Buildings account for the largest share of U.S. greenhouse gas emissions at 32% of the total, followed by industry at 30%, transportation at 29%, and agriculture at 9%. Clearly, any program to greatly reduce greenhouse gas emissions must include buildings. This talk will explore the opportunities and challenges to greatly reducing greenhouse gas emissions in the building sector, using as a case study a recent solar retrofit of an existing house that rendered it "zero-carbon." Implications for the future of the utility system will be discussed, along with technology developments needed to make "zero carbon" the economic choice.
Richard Swanson received his BSEE and MSEE from Ohio State University in 1969 and his PhD from Stanford University in 1974. After completing his PhD, he joined the Electrical Engineering faculty at Stanford. His research investigated the semiconductor properties of silicon relevant for better understanding the operation of silicon solar cells. These studies have helped pave the way for steady improvement in silicon solar cell performance.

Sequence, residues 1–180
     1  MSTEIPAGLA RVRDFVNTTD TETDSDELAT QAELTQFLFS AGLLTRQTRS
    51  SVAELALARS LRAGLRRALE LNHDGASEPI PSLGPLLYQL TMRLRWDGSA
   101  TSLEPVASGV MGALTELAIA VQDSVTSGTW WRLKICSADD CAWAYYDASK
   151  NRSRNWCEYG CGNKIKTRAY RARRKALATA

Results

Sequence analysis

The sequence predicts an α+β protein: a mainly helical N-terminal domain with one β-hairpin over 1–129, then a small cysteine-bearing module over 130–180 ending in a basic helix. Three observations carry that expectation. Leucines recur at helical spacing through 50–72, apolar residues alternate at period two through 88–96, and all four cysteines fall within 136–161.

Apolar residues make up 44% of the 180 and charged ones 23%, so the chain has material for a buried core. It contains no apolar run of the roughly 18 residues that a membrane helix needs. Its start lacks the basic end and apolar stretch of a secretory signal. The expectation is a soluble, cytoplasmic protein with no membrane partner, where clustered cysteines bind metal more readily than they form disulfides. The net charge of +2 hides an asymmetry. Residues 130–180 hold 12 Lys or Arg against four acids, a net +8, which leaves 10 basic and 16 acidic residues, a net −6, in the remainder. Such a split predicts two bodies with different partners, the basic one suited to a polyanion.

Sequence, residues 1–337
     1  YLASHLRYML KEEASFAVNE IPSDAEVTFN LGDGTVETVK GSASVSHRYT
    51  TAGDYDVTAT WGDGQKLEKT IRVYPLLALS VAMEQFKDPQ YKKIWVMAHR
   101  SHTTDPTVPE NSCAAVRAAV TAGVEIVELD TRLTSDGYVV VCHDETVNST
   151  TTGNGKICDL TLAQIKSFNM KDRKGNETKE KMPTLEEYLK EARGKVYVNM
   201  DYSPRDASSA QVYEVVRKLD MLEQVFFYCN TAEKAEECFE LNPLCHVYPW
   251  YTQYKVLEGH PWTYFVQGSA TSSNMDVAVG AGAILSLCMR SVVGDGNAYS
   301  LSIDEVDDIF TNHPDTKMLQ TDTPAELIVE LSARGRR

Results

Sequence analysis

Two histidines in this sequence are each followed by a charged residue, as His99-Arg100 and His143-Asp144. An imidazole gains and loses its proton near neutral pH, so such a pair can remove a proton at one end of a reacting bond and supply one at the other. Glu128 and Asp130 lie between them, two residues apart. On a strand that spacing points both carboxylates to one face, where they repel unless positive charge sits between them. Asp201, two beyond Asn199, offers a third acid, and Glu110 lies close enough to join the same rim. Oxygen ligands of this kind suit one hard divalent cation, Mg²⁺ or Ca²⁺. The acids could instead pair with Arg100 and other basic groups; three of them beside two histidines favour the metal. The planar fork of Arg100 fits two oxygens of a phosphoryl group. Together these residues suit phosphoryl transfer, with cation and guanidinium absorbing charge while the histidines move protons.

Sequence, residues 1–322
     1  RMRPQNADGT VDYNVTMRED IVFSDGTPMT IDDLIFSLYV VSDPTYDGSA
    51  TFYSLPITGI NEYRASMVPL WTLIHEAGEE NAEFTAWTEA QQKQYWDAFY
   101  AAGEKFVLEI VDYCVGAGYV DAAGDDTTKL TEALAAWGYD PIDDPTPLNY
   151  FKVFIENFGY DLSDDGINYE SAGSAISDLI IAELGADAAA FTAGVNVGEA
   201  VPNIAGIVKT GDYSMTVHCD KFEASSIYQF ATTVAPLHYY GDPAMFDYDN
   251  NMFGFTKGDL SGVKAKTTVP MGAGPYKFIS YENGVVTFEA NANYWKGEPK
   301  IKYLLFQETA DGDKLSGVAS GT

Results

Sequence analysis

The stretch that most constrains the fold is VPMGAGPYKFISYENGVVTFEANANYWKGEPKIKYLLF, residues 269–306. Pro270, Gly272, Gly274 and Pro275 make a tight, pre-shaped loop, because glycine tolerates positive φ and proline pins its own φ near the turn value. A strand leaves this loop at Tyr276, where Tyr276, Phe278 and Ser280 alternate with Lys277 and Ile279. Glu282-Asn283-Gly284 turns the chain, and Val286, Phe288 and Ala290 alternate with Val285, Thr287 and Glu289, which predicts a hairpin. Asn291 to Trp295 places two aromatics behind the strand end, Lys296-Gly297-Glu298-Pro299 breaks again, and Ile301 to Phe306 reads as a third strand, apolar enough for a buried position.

In 1991 Dr. Swanson resigned from his faculty position to devote full time to SunPower Corporation, a company he founded. Today, SunPower produces the highest performance photovoltaic panels available.
Dr. Swanson has received widespread recognition for his work. In 2002, he was awarded the William R. Cherry award by the IEEE for outstanding contributions to the photovoltaic field, and in 2006 the Becquerel Prize in Photovoltaics from the European Communities. He was elected a Fellow of the IEEE in 2008 and a member of the National Academy of Engineering in 2009. He received the 2009 Economist Magazine Energy Innovator Award. In 2010 he was awarded the IEEE Jin-ichi Nishizawa Medal for the conception and commercialization of high-efficiency point-contact solar cell technology, and in 2011 the Karl Boer Solar Energy Medal of Merit Award.
Dr. Swanson is currently retired from SunPower. He currently serves on several advisory boards, and is a director of Activate, www.activate.org.